Tennessee State Fire Marshal’s Office Receives National Life Safety Award
NASHVILLE – The National Association of State Fire Marshals (NASFM) awarded Tennessee Department of Commerce & Insurance (TDCI) Deputy Commissioner Gary L. West and TDCI’s Fire Prevention Division with the 2017 Olin Greene Outstanding Fire Prevention Service Award at the NASFM Annual Conference held in Charleston, South Carolina on July 31, 2017.
The Olin Greene Outstanding Fire Prevention Service Award, named in honor of former U.S. Fire Administrator and NASFM founder Olin Greene, is a lifetime achievement award established in 2008. It is awarded to those who have dedicated their career to fire prevention and public safety, and have achieved substantial accomplishments while doing it.
“We chose to recognize Deputy Commissioner West and his staff with this award because of the tremendous life safety accomplishments they have made in Tennessee,” said NASFM Executive Director Jim Narva. “The passion, progress, and commitment they have for increasing fire and life safety in the Volunteer State embodies what the Olin Greene Outstanding Service Award is all about.”
West, who was appointed by TDCI Commissioner Julie Mix McPeak to lead the Fire Prevention Division in March of 2011, has been active in emergency services for nearly 40 years. He was named as NASFM’s secretary-treasurer in 2016.
“I’m honored to be chosen, along with my team, as a recipient of this prestigious fire prevention award,” said Deputy Commissioner West. “I’m proud of the progress we, under the leadership of Commissioner McPeak and with the partnership of local fire departments, have made to address the fire mortality problem in Tennessee. We know we have more work to do, but I have no doubt our staff and our state will continue to rise to the challenge of preventing as many residential fire deaths as possible.”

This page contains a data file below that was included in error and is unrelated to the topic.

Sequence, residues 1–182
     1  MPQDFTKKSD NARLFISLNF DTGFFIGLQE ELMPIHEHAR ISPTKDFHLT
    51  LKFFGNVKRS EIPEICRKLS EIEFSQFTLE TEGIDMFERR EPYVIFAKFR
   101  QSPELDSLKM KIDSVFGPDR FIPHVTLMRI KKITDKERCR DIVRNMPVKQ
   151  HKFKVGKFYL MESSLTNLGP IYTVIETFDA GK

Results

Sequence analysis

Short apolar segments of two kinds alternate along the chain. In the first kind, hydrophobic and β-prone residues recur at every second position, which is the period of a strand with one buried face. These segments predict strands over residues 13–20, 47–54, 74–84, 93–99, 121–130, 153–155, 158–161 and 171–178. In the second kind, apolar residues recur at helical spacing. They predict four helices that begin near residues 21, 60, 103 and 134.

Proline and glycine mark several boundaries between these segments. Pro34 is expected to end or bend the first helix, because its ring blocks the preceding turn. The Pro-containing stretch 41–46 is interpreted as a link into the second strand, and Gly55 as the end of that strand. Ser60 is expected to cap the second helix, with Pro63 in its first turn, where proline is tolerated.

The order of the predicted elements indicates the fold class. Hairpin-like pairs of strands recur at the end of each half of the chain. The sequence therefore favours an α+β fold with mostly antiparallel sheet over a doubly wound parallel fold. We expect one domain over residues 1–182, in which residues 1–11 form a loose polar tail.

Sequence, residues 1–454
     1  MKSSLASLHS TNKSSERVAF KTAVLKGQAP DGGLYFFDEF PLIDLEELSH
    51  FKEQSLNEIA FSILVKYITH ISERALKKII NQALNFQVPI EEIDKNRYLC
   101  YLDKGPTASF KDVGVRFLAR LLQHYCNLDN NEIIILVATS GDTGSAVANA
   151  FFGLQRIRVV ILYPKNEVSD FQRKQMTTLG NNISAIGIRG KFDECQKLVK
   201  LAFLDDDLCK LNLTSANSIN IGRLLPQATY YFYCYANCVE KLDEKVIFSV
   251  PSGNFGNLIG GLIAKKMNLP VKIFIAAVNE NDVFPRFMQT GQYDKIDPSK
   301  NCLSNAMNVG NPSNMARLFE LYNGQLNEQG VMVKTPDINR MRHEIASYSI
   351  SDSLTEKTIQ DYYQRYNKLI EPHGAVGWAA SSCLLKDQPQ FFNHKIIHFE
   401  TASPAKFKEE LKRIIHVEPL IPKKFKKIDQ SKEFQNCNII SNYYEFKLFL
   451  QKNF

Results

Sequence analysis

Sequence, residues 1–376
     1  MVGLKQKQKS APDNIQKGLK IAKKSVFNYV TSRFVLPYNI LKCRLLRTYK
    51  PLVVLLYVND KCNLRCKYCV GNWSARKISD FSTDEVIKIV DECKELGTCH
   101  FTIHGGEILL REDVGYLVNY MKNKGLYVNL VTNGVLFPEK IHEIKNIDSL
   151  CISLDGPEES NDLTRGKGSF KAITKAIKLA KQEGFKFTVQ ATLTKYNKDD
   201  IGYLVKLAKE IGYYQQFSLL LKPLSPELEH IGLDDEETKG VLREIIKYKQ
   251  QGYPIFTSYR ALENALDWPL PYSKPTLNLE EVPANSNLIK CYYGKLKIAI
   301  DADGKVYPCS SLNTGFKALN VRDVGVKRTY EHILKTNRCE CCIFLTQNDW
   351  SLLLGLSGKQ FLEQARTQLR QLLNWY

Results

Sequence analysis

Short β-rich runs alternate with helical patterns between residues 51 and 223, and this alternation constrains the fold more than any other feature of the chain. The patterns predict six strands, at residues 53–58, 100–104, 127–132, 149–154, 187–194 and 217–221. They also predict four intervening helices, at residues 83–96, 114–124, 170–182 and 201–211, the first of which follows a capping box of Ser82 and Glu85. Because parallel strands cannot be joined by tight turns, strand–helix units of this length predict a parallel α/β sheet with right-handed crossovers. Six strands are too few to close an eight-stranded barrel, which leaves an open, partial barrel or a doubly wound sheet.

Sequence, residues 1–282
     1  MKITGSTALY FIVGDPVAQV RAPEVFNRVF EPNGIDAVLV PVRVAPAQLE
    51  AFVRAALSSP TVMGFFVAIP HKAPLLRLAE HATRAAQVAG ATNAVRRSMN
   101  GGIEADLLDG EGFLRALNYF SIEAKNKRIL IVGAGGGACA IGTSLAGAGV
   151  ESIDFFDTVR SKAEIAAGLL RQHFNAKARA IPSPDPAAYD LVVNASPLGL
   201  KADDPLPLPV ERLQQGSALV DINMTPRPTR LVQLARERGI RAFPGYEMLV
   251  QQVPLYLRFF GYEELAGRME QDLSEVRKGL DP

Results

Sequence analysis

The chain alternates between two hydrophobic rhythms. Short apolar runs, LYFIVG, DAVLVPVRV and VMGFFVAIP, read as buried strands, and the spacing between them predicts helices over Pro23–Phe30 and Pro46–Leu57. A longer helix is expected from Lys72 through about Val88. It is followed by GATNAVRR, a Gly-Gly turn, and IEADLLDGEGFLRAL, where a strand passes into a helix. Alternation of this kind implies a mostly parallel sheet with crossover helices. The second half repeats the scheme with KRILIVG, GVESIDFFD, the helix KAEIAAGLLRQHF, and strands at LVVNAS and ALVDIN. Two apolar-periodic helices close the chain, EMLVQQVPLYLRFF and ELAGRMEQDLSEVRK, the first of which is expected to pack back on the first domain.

The State Fire Marshal’s Office has focused on lowering Tennessee’s fire fatality rate by strengthening partnerships with local fire departments, fine-tuning community risk reduction processes, and increasing availability of fire safety education and working smoke alarms for Tennessee residents. Once one of the top 10 states for fire fatalities, Tennessee has now moved outside the top 10 according to new calculations from the National Fire Protection Association (NFPA).
The State Fire Marshal’s Office and its fire service partners have documented 190 saved lives from potential fire danger since 2012 through the “Get Alarmed, Tennessee!” smoke-alarm installation program. Over 150,000 free smoke alarms have been distributed by the SFMO and its partners across Tennessee through this program.
Prior to being appointed to the State Fire Marshal's Office, West served as a fire and emergency services management consultant with the University of Tennessee’s Municipal Technical Advisory Service (MTAS) and helped develop a statewide mutual aid system for deploying fire resources to disasters. His career experience also includes serving as fire chief of the Gatlinburg Fire and Rescue Department. West received his bachelor’s degree in organizational management from Tusculum College and a master’s degree in business administration from Lincoln Memorial University. In 2015 he was awarded the prestigious H.D. Crossnine Award by the Southeastern Association of Fire Chiefs.
West currently volunteers as a firefighter with the Ashland City Fire Department in Ashland City, Tennessee where he lives with his wife Suzie.